Yesterday we shared our fireplace and the grand plans we have for it. If you missed it check out that post here. We also shared our fireplace inspiration Pinterest board. If you’re not following along with us over there, don’t miss out! Follow us here! Now that we got that out of the way let’s get into how we removed the hearth on our brick fireplace.

We knew we wanted to get rid of the hearth for the sole reason that it serves no purpose, not only that but it takes up a significant amount of floor space. Eliminating the hearth was also a great way to ensure no more heads were hurt on the corner. If you don’t have children, this probably isn’t a concern for you, unless you have really bad balance. ;) In our grand plans post, we touched base on how the brick fireplace, including the hearth, leaned more towards a farmhouse design, and we are going for a more modern fireplace.

If you have a brick fireplace, or even a stone one, you could easily do this DIY. I will note that this is the original brick fireplace. We had no idea what was lurking beneath the surface, and we don’t know what’s lurking below yours. Before tackling this project observe and make notes and take the surrounding of your fireplace into account. We checked out what was below the hearth from the basement, and we knew we would just be exposing the sub floor.

So what did we use/what will you need to remove your brick fireplace hearth?

All you’ll need for this DIY project are the following:

While we didn’t wear gloves, or safety goggles, they’ll definitely come in handy when you’re working with sharp mortar, and little pieces of brick that chip off while you’re hammering.

We shared a poll on our Facebook page and Instagram last night. If you follow us on Instagram you can view a few behind the scenes videos we documented. They’re currently in our insta stories, and are saved to our highlights under BTS! So now to the demolition photos! We’re so excited to share this process of how we removed our brick fireplace hearth with you! It was MUCH easier than we anticipated (easier than an exterior brick fireplace we removed)! The best part about this project, being able to incorporate practical and ethical minimalism into it.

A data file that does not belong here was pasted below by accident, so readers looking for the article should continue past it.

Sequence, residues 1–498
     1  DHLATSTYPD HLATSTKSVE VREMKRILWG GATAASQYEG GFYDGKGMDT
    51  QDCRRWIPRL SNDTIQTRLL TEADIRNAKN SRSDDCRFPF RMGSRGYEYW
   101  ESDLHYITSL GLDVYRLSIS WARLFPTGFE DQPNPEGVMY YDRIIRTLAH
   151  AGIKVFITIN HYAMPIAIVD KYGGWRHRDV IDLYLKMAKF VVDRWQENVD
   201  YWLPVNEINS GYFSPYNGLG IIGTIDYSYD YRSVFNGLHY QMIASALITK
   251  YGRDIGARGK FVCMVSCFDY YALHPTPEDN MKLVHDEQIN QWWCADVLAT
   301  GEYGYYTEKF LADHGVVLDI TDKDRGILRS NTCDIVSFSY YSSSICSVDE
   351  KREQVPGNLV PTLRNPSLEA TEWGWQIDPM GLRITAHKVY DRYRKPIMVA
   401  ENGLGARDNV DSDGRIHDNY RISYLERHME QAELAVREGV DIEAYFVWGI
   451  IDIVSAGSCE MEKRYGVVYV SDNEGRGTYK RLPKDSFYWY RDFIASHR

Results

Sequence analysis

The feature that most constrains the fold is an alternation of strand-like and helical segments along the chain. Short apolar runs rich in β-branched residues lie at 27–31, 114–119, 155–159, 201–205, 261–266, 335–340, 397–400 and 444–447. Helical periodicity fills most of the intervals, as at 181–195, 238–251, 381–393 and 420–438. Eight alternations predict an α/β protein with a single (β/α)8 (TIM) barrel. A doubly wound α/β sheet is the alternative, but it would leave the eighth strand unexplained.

Reduce, reuse, recycle applies to this DIY. We plan on reusing the bricks we threw in the backyard to fix broken bricks on our front stairs, and hopefully complete a mailbox surround! So we will keep you posted.

We were dealing with a significant amount of mortar, but shockingly there was a good amount of bricks under that hearth. We started on the top layer and worked our way down.

We took turns removing the bricks! One of us would chip away, while the other threw the bricks out the back door into the yard. This sped up our process tremendously, with minimal mess. This tool was a LIFESAVER with the mess too! One of us would hold it next to whoever was chipping away to cut down the dust that was stirred up.

The white line you see around the perimeter of the old brick is just paint from where I was too lazy to tape/the paint seeped through the tape. That can be removed by a light sand.

Also, it might just be me, but I am a super instant gratification person, and demo is totally my thing, so seeing these bricks chipped away was AMAZING. The vision truly started coming to life once we got a little further down the hearth.

I am seriously still drooling over how much floor space we opened up. The tape, caulk, wood, and garbage bag were placed there to prevent any air/bugs that could come up from the basement since it was open sub floor. The fireplace hearth also went straight into the drywall, so we taped a bag over it so that the insulation wasn’t exposed for our children, aka toddlers, to touch.

If you know anything by now, you know we’re big suckers for a great before and after. Well you’re in luck, because we have one for you today! Check it out.

We we’re both a little worried about what the bricks would be like underneath the fireplace, the ones behind the hearth, and they’re so beautiful! They’re not damaged in anyway so the project moving forward will be that much easier (less patching).

The plan is to fill the existing flooring with a flush concrete hearth. Later down the road when we have our hardwoods refinished, we will most likely have the concrete removed to have the hardwoods flush with the fireplace. Refinishing our hardwoods is a huge budget, and with young children we’re not willing to tackle that, even though it’s tempting with the pour stain/poly job the previous owner did. Forever dread these orange floors. Haha.

Here’s an up close view of our hilarious sub floor. These are just temporary patches because we didn’t want any bugs or air coming up from the basement.

So now that you’ve seen the process in photos let’s get to our to-do list and what we still have in mind regarding our fireplace makeover.

  • Install flush concrete hearth

  • Cover existing brick with tile/slate/concrete

  • Build a lower, squared off hearth*

  • Install a fireplace insert

We cannot believe how much bigger our dining room looks! The old brick fireplace hearth was SO intrusive. We’re excited to continue sharing this project with you, and if you have a brick fireplace, or stone, that this project inspires you to change your space if it’s just not working for you! If you have any questions please feel free to reach out here, or drop some comments below!

Thank you for stopping by and reading, we’re so thankful for your loyal readership and interest in our home improvement projects! If you loved this post, we’d be so grateful if you posted any of the three Pinterest Pins onto your boards!